Sandi Metz’s Rules for How to Write Better Software

Sandi Metz is one of my many role models in software development. Her book “Practical Object-Oriented Design in Ruby” is a must read for any programmer who wants to write better object-oriented code. It’s short, clear and to the point and it made me even more enthusiastic about writing clean and eloquent code driven by empathy.

She was a guest on the 87th episode of the great podcast Ruby Rogues, where she talked about the book and the rules that this post is about. She also gave a talk about this at Baruco 2013. I would like you to listen to the podcast and then watch the talk. They will help you to understand this topic in greater detail than only reading this post will.

The rules

“Stop Sign” by Kt Ann license: CC BY 2.0


In the Baruco talk Sandi says: “I’m going to give you five rules about how to write object-oriented code. Following these rules will improve your code.

The rules are important so you should always follow them and they’re completely arbitrary so it’s perfectly ok to break them.”

This sets the tone for this topic in that they’re not oppressive rules that you should fear and loathe. The rules are there to help you and it’s fine to break them.

The rules:

  1. No more than 100 lines per class
  2. At most 5 lines per method
  3. 4 (or, as she now prefers, 3) parameters to a method (hash keys included)
  4. A controller action may only pass one instance variable per view
  5. A controller action may only know two other class names. (One business class and one presenter class)

The why of the rules

  1. It forces you to focus the class and make sure that it has a single responsibility
  2. This forces you to have well contained private methods and they will help you to have a living documentation of your code.
    def do_thingy
      if foo
        fooify_thingy
      else
        do_other_things
      end
    end
    

    As you can see from the example you are automatically at five lines if you have an if/else statement.

  3. “If you have to pass four parameters there’s definitely an object in there.”
  4. This is also along the theme of decoupling your application and making sure that you don’t glue everything together in a big mess.
  5. A view should be simple and it should be trivial to understand it.

When should I break the rules?

It’s ok to break a rule as long as you can talk another person into believing that is a good idea. The best thing would be if the person who agrees that you can break the rule is someone you trust and that it’s someone with more experience than you.

The consequences of following the rules

An application built by someone that follows all these rules will have a bias towards small objects that are “plain old Ruby objects”. This means that the objects are not coupled to the framework that you are using. Each object only knows as little as possible about other things, which entails that you will have objects with very few dependencies.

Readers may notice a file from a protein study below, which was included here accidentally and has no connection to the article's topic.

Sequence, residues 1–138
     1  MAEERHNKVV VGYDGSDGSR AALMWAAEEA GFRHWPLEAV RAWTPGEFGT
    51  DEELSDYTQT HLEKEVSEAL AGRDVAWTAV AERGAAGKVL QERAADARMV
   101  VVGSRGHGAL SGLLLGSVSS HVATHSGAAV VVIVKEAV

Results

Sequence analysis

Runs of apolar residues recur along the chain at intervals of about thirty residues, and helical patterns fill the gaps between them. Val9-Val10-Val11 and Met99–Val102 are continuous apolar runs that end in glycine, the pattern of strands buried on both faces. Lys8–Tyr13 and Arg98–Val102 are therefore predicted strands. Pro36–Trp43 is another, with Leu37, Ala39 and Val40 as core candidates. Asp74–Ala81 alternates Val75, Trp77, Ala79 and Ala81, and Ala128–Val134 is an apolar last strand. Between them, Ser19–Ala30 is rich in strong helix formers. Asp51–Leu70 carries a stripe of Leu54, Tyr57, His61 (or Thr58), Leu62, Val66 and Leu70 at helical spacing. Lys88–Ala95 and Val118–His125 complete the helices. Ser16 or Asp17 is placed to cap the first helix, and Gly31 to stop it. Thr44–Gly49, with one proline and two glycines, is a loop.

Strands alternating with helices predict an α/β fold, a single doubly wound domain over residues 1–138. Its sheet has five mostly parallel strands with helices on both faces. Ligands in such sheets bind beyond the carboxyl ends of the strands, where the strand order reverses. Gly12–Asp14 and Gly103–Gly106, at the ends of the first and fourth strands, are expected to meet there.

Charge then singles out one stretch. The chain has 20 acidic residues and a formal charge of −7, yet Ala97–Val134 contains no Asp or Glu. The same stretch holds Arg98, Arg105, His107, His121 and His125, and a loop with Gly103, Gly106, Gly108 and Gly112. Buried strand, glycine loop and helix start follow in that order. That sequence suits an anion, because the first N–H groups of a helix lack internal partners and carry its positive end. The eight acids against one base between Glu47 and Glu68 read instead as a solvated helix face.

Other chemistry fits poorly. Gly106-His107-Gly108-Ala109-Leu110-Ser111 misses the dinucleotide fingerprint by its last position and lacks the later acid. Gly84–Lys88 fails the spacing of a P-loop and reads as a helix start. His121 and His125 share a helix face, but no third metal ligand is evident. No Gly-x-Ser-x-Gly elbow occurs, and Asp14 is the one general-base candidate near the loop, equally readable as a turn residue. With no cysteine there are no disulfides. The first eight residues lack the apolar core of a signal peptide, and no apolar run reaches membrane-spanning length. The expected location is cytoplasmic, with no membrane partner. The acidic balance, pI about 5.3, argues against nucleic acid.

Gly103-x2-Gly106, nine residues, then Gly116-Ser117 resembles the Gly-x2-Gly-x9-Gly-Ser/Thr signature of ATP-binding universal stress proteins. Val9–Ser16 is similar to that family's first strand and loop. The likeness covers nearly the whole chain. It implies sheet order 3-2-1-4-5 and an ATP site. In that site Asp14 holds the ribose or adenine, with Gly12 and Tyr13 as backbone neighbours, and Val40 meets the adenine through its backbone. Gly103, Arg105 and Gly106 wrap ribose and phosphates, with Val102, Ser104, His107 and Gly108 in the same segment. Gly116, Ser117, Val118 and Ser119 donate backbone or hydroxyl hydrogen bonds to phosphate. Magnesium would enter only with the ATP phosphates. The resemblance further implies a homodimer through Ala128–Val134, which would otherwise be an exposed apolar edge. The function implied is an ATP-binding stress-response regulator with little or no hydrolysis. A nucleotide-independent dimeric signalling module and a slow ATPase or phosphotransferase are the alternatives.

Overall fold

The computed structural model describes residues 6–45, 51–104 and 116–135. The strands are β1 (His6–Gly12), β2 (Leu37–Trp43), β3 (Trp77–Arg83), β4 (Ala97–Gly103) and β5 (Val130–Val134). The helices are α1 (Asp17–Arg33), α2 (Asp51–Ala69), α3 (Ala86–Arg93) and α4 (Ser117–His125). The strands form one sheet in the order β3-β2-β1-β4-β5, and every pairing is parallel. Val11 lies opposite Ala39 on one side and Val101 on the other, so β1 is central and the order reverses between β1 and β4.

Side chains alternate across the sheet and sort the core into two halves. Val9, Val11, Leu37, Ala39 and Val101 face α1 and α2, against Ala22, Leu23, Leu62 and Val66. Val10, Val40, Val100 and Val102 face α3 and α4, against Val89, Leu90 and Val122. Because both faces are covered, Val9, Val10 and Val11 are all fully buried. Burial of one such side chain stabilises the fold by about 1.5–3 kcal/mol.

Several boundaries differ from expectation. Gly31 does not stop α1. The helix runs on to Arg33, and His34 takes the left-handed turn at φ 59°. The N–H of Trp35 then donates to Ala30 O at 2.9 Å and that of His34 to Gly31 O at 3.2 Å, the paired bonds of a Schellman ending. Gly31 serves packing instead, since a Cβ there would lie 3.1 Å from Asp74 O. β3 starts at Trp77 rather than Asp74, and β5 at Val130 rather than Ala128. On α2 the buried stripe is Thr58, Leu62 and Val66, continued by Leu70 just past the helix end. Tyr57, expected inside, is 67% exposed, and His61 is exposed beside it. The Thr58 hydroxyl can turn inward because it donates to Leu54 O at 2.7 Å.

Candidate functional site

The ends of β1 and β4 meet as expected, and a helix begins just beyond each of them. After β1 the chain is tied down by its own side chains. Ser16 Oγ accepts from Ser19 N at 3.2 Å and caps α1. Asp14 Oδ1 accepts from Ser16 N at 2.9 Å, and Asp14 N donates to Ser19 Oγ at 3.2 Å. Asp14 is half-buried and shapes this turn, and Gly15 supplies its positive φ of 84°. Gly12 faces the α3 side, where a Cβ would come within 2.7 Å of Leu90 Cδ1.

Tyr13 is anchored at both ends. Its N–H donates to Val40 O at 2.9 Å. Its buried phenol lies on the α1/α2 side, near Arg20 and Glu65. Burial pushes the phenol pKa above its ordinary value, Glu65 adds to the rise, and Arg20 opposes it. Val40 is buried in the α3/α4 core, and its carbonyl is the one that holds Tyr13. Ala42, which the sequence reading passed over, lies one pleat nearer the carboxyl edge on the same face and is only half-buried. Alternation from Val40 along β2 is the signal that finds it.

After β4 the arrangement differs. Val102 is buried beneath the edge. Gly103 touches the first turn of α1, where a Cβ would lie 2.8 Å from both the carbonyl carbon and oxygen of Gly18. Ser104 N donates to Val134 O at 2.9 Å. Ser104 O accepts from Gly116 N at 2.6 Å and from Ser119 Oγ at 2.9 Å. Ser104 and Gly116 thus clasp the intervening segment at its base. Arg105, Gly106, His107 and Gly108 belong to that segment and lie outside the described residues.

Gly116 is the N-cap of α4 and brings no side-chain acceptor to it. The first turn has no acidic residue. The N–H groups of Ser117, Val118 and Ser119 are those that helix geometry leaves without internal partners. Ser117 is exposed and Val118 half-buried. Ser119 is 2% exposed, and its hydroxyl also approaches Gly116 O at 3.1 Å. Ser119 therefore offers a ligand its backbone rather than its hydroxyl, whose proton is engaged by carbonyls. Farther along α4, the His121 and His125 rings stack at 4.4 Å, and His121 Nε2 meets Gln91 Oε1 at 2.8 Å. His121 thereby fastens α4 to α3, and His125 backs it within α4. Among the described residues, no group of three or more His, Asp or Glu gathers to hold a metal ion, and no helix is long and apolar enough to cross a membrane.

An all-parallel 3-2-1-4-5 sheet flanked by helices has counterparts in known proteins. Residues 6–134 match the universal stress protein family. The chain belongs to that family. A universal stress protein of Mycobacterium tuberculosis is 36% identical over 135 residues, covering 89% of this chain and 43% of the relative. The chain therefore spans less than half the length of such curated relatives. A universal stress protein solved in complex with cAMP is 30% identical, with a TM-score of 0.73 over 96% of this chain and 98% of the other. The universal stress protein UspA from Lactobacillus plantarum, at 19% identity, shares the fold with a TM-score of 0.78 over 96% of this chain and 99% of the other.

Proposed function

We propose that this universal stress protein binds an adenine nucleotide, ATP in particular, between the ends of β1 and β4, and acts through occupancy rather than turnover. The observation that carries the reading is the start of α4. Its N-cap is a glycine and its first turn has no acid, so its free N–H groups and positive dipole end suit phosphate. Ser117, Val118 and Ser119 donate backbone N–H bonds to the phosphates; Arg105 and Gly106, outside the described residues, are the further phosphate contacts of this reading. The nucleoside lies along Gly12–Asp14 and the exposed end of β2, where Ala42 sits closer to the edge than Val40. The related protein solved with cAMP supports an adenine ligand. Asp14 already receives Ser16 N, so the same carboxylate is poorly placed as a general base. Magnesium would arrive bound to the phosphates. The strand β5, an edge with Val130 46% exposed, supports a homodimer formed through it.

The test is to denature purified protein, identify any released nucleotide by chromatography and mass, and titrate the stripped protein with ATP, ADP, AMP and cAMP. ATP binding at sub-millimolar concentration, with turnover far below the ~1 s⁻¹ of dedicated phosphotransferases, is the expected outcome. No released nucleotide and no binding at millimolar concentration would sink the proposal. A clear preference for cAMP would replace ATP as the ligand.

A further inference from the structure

The rules are a means to reduce the cost of software. They force you to think hard about your code and make you decide if it’s better to break the class or method in two to make it more focused.

Sandi asserts that you minimize the cost to develop software (time, money, and pain) by making small objects. The only way to make small objects is to define what small really means and then follow that rule.

She also asserts that achieving the goal of producing better software at a lower cost is far more important than following the rules.

The main reason why you should make many small objects make it easy to change the application. If your application contains of a few very large objects, then it will likely be hard to change and adapt to new circumstances and demands.

The downside with many small objects is that they are harder to understand. That is because most of the logic will reside in the messages that get sent between objects. Those messages will materialize when you load the application into memory and it starts its dance, which means that in order to understand it you need to make a mental model of the running program.

One of the upsides on the other hand is that it’s the messages between objects that gives you changeability since the message have to pass the barrier between the objects.

Having many small objects can also help you to feel more safe when you need to change them. You don’t need to understand the whole application and worry about breaking it by changing a seemingly unrelated thing.

What does this mean for me?

I will, for the next few months do my utmost to follow these rules in my current projects for The Gl0d Group. Why? Because I really believe that the rules make a difference and they work in practice. Thoughbot really liked them after trying them out as an experiment on a new project.

You can listen to their thoughts on the experience in the first episode of The Bike Shed podcast.

Ending notes

“If you are an experienced programmer. Make your own rules.” – Sandi Metz

What rules do you follow when you code and what do you think about these?

#Better code#Ruby#Rules#Sandi Metz